These days, almost everyone is aware of the dangers of passive smoking. Unfortunately, smoking cigarettes, cigars, and pipes poses an even greater risk to pet birds.
Don’t smoke in a parrot’s room! Inhaling tobacco smoke and nicotine is more harmful to parrots as it passes through their lungs and air sacs twice. Parrots’ respiratory systems exposed to secondhand tobacco smoke develop breathing issues, skin conditions, rapid heart rates, pneumonia, and cancer.
Although vaping has fewer chemicals than traditional smoking, it’s not free of deadly toxins. So, your parrot can still become sick or die from exposure to vaping.
Can Parrots Die from Cigarette Smoke?
Long-term exposure to secondhand smoke can result in a parrot developing illnesses, leading to:
- Breathing troubles
- Skin conditions
- Damage to their feathers
While this is true for many pets exposed to secondhand smoke, birds are at significant risk.
So, your macaw is more likely to experience breathing problems than your dog because parrots have a unique respiratory system, making them more susceptible to toxins or airborne chemicals.
Parrots have a series of air sacs spread throughout their inner chest.
This unique setup means a parrot will have every breath of air pass through it twice. A parrot can take in more oxygen from the air by using an effective gas exchange mechanism in its blood vessels.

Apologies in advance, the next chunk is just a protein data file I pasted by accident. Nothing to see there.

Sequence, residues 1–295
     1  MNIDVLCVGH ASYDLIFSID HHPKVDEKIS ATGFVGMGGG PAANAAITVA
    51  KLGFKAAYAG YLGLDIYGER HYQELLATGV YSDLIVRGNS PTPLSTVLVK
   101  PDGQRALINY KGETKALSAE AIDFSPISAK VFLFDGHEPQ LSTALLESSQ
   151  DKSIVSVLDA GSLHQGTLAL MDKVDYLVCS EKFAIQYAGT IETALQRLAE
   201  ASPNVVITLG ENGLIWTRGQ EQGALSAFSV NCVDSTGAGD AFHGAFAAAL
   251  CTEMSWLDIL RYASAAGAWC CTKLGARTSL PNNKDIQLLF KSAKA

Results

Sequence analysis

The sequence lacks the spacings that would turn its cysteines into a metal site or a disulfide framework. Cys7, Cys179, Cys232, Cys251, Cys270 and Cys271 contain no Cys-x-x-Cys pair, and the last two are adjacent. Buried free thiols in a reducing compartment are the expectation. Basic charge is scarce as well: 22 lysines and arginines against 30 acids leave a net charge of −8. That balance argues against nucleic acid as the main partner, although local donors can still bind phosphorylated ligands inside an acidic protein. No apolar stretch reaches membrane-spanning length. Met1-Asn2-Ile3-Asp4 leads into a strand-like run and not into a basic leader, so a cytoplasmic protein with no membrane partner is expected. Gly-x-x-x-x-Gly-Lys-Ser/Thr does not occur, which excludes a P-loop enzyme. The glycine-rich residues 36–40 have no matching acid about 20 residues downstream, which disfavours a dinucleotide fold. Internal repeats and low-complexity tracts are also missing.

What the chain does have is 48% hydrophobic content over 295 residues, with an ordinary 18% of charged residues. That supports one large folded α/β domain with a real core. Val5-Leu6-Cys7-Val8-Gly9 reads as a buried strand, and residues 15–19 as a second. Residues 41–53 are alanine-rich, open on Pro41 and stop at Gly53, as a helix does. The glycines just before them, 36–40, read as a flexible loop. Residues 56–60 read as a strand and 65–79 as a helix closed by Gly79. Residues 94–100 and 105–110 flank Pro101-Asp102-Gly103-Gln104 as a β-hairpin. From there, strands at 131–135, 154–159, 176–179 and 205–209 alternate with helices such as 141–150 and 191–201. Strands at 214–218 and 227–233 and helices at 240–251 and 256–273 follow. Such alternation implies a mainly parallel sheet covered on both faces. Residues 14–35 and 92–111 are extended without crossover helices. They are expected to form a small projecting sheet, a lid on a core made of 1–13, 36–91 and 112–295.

Unfortunately, this works against the parrot regarding smoke, as it’ll inhale more toxins from the air. So, nicotine and tar will have a more profound effect on a parrot’s body.
Your parrot doesn’t need to smoke cigarettes to experience the negative effects. Even being in the same room while someone smokes can cause respiratory issues.
Parrots exposed to tobacco and marijuana products will manifest issues externally.
Secondhand smoke will affect the lungs and hang in the air and settle on furniture, clothes, and other items. Alongside the chemicals, small ash particles affect your parrot’s lungs and air sacs.
It doesn’t matter if you avoid blowing that smoke toward your parrot. Secondhand smoke affects the area around the smoker. Even if you smoke outside, traces will remain on your skin and clothing.
The smoke will begin to coat the parrot’s feathers. As it preens, chemicals lingering in the feathers will be ingested, which can be poisonous, especially for parrots with compromised immune systems.